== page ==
Your health care provider may have you fill out a candida questionnaire which is a comprehensive health history. He or she may call for laboratory tests such as stool cultures for candida or the comprehensive digestive stool analysis (CDSA) and measurements of antibody levels to candida or candida antigens in the blood. The CDSA is a battery of integrated diagnostic lab tests that evaluates digestion, intestinal function, intestinal environment, and absorption by carefully examining the stool. It provides information that is useful in leading to the correct diagnosis of causes and the development of appropriate treatment.

Conventional treatments include a number of antifungals that come in various dosage forms such as oral rinses and tablets, vaginal tablets and suppositories, and creams. Treatments may last from one day to several months. Compliance to treatment regimen is important to prevent the return of the infection or reinfection by a different strain of candida.

CANDIDA DIET

The diet of the average North American consists of food that is over processed, low in fiber, and high in refined sugar. We also consume large amounts of red meat, dairy products, and wheat. This kind of diet results in fewer “friendly” bacteria in the intestinal tract and a congested, dysfunctional colon.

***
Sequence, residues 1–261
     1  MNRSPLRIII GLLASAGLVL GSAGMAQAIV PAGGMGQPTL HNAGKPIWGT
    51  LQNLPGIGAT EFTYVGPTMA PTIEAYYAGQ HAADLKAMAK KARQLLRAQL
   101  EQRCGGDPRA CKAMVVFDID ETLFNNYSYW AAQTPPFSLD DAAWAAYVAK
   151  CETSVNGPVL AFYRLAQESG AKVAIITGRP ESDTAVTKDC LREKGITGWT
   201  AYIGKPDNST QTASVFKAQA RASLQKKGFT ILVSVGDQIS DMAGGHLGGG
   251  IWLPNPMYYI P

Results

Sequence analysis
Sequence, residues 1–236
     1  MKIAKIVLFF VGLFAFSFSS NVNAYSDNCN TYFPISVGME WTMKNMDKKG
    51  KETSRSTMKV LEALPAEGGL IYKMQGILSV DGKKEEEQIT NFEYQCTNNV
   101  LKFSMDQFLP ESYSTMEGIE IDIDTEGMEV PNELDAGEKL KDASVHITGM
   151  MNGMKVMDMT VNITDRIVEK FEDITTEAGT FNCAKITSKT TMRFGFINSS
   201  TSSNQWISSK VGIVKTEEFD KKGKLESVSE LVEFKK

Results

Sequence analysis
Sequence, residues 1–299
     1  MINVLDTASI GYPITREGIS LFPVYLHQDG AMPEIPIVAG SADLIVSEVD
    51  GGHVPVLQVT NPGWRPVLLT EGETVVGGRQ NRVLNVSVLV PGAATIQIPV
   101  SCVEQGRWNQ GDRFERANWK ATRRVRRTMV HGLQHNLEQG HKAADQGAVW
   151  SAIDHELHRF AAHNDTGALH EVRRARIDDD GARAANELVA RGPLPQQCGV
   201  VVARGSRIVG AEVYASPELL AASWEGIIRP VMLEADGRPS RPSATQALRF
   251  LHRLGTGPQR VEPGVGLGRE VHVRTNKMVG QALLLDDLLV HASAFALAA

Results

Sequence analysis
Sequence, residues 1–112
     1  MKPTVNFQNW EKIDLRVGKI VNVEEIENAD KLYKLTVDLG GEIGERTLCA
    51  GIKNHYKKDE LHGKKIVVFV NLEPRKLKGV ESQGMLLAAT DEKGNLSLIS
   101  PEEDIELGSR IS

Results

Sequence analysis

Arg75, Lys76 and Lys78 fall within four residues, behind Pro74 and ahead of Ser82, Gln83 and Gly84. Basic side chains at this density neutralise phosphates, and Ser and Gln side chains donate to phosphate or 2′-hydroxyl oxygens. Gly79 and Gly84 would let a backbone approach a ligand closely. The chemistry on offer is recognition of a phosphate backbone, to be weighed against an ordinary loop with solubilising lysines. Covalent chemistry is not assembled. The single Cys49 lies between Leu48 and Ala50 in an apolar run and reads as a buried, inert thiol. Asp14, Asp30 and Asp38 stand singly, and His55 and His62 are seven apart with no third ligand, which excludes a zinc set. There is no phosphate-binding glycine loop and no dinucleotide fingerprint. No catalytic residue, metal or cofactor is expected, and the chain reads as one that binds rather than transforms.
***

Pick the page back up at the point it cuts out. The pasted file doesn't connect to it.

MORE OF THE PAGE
Candida thrives in this environment. Yeast can become so prolific that it escapes the confines of the intestinal tract and causes havoc throughout the rest of the body. A clean colon is essential in the battle against candida and can be achieved with proper dietary modifications. Alternative therapies aim to “starve” the yeast and use natural antifungals.

  • Eliminate refined sugar, all sugar containing foods and sweeteners, and refined, bleached, enriched, chemically treated flour.
  • Eliminate meats treated with synthetic hormones or chemicals, pickled and smoked meats and fish, sausages, hot dogs, corned beef, pastrami, bacon, and ham.
  • Avoid fruit juices- either canned, bottled or frozen. Exception: Freshly prepared juice.
  • Avoid coffee and tea. Exception: Traditional medicinal herb teas.
  • Avoid watermelon, honeydew melon, and especially cantaloupe.
  • Avoid all types of mushrooms